Terri and I just returned from a trip to Denmark. One of the chief reasons we wanted to be in that country is because of the stand the Danish people took for the Danish Jews in 1943, at great risk to themselves, during the Holocaust.
Denmark was one of the few countries whose people refused to give in to the order that their Jews had to be sent to concentration camps to die. On midnight of October 1, 1943, the eve of Rosh Hashanah, the Nazis planned to apprehend all the 7,500 Jews of Denmark, while they were celebrating the holiday in their homes, and send them to the concentration camps. The Jews were warned, and the vast majority were not at home—they had been taken in by their Christian neighbors and friends who could have been killed for harboring Jews.
Many Danes—again, at the risk of their own lives—helped to take them secretly to coastal villages from which they could be transported on fishing boats to neutral Sweden. Seven thousand Danish Jews were rescued and taken to safety!
When they returned after the war, in many cases their Danish neighbors had watched over their homes, watered their plants and fed their pets. It is such an inspiring story, one of the few such stories to come out of the horror of the Holocaust.
One of the wonderful Danish people we met was Henrik Tuxen. He asked how he—as a lover of Israel working in various ministries in Denmark—can be an ambassador for Israel, in the context of rising anti-Israel sentiment in Denmark and Europe.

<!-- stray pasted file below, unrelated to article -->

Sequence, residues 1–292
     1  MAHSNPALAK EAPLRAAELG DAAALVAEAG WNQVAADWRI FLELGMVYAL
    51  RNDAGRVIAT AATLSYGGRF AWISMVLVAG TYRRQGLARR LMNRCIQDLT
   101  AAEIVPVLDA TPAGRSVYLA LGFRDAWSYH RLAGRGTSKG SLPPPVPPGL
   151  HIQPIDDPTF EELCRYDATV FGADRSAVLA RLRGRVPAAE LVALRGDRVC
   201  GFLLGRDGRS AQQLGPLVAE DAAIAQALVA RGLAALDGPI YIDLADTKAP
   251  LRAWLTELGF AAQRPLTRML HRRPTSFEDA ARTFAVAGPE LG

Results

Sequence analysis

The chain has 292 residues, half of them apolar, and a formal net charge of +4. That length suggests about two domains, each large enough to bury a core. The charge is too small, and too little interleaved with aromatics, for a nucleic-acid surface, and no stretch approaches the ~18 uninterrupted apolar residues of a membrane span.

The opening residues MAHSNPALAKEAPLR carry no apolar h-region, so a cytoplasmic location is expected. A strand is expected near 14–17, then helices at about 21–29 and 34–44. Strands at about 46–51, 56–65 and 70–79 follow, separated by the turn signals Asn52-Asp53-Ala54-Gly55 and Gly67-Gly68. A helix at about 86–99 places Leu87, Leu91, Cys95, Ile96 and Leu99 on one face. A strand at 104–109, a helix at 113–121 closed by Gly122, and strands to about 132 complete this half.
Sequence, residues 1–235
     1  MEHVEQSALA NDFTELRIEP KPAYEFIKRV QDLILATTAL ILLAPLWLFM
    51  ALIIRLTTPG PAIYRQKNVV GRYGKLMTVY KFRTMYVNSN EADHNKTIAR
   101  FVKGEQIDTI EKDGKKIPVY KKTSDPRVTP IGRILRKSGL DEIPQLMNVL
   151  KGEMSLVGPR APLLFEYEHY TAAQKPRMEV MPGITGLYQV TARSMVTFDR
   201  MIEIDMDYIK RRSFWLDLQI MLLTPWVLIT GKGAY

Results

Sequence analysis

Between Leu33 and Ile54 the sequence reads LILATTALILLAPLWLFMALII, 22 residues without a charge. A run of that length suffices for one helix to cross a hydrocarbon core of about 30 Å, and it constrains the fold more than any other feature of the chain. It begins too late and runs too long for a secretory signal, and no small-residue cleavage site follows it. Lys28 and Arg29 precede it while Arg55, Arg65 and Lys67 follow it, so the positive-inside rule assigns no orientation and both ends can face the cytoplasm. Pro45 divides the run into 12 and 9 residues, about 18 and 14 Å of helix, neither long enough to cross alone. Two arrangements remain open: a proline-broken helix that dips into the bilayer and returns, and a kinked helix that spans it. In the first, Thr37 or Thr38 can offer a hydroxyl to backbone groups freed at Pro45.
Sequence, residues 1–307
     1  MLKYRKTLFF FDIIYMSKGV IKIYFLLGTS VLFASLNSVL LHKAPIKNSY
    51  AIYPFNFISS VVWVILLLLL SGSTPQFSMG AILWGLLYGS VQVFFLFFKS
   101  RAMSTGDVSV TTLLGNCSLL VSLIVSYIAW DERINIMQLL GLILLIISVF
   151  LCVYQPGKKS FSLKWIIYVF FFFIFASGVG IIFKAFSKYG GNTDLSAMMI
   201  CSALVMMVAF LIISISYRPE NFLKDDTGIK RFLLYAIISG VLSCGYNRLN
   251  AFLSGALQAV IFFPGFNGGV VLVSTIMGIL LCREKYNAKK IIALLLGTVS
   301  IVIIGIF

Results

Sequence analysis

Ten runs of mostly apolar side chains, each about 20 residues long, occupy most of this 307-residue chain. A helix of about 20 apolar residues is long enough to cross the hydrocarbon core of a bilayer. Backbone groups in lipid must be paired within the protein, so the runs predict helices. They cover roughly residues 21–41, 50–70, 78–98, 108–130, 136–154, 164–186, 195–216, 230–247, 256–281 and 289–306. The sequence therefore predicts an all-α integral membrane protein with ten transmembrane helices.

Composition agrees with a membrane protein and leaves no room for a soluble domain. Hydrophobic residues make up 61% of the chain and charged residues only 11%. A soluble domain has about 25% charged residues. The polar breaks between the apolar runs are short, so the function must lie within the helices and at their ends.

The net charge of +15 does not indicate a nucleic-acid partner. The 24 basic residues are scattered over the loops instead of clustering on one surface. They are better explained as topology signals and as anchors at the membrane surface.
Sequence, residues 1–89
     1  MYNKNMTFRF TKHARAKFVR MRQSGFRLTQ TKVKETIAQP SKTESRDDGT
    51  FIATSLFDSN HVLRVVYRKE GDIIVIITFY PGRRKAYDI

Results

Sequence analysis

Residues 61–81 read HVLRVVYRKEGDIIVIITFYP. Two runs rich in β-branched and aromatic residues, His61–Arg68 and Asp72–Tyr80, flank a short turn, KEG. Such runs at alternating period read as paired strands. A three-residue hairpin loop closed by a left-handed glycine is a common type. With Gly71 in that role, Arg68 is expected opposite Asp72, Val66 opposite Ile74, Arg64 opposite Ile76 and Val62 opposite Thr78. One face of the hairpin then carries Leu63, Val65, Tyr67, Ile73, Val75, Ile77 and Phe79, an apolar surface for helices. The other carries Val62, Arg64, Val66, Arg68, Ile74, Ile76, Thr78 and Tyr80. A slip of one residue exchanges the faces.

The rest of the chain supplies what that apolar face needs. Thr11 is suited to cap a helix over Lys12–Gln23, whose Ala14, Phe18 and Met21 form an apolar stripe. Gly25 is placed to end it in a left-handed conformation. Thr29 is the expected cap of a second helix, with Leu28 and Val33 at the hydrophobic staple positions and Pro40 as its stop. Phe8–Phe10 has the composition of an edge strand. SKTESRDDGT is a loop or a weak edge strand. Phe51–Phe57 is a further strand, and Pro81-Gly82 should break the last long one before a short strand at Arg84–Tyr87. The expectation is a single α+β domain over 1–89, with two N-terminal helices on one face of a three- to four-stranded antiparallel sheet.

I shared this with him:
The world should know that Israel gives Arab citizens a high degree of democratic opportunity.
I’m not saying the State of Israel is perfect in the way it treats its Arab citizens (or in any other way, for that matter). However, if you asked an Israeli Arab if he or she would like to move to one of our neighboring Arabic countries—like Egypt, Jordan, Syria or Lebanon, or even to the Palestinian Authority here in the “West Bank”—what do you think their response would be? Surveys confirm that the vast majority of Israeli Arab citizens would prefer to live under Israeli rule and not under the Palestinian Authority.
Very recently we personally observed a hearing in the Supreme Court of Israel. One of the three justices was a Christian Arab— sitting as a judge in the highest court in the Land!
If you visit our local Galilean hospital you will find that a very significant percentage of the doctors are Arabs, around 40%.
Around half of the pharmacists in Israel are Arabs. I know my local pharmacist is.
The Arabs in Israel have political parties and elect members to the Israeli parliament, the Knesset. Every citizen has the right to vote, including the Arabs, both Muslim and Christian (these constitute about 20% of the Israeli citizens).
Freedom of every religion is protected in Israel, unlike in many Muslim countries.